In 2023, 12.7% of full-time employees work from home while 28.2% work through a hybrid method — working from home some days and the office other days. This method is only growing in popularity. However there are a number of different ways to model your remote or hybrid work methods. Let’s break down some of the methods that workplaces find most popular and successful:
This style of hybrid remote work prioritizes time in the office while still allowing employees the flexibility to work from home. They may work in the office 3 or 4 days a week and spend the remaining 1 or 2 working from home. Or they may have several days per month to work from home. The days they choose are typically their choice.
This model is great for workplaces that prioritize a culture of working together in the office. It can also be beneficial to ensure that employees always work in the office, as remote work days can be staggered amongst your team.
In a partly remote hybrid method, some departments of your business are fully remote while others are fully office workers. There may be some departments in your business, such as payroll, that don’t need to be in the office in order to do their job well. Others may need access to local software or to other departments that are in the office. Your receptionist, for instance, would need to be in the office.
This method can help you save money on office equipment because you will have fewer people in your physical office. However, your on-premises work can still carry on efficiently.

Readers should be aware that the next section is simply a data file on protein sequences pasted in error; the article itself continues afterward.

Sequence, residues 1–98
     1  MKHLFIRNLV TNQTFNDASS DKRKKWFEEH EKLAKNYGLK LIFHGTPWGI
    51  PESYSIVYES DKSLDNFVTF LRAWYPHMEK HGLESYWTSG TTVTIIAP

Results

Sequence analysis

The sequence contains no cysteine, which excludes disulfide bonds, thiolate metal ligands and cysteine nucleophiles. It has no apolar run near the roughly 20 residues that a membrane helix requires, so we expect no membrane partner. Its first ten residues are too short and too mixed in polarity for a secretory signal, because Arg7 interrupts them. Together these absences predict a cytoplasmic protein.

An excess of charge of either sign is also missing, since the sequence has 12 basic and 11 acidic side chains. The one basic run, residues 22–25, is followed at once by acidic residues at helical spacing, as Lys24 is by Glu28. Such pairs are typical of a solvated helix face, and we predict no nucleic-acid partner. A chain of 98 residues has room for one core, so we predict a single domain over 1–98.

In an asynchronous remote model, your team works from home on their own schedule. This means you might have some team members working 9-5 while others work from 5-9. They may even work from different time zones around the world. They set their own hours and work from whatever location they prefer. You may have occasional meetings in the office, but for the most part, you communicate over a messaging system like Teams or Slack, and everyone works at their own pace to meet deadlines.
Asynchronous remote work can open up the opportunity to find talent all over the world, and it can be a boon for employees who might have kids or other commitments besides work to set their own schedules. However, it can be difficult to form a sense of community when everyone is on their own schedule. Make use of the work chat as best you can.
On the other hand, with synchronous remote work, everyone works from home, but they work simultaneously. They may still work a typical 9-5 schedule, 5 days a week, but they will work from their home offices, bedrooms, coffee shops, or libraries. With a synchronous remote system, you may not be able to hire people from different time zones, but it does give a sense that everyone is working together as they would in an office.
Another option is to allow your employees to choose when to work from home and when to come into the office. With fully flexible work models, either all employees or all salaried employees are hybrid and may choose to work from home or to come into the office on any given day.
This form of hybrid work is a great way to give employees a sense of independence, but there are challenges to it. Primarily, it can be difficult to coordinate what will be done in the office if you don’t know who will be in the office on what day. It may help to ask employees to choose their remote work days a week beforehand so that you know what to expect.
You’ve likely worked in an office that had “casual Friday,” in which they allowed employees to work in jeans and a t-shirt. Remote time can sometimes look like casual Friday, except instead of dressing casually, everyone works from home on Fridays — or whatever the designated remote day is. It can be weekly, biweekly, monthly, and so on.
This model relies on remote work as an incentive. It can be a great perk to bring in new talent while still maintaining the structure of on-premises work. If your workplace is best suited to on-premises work, but you want to join the trend, remote time can be a great way to do so.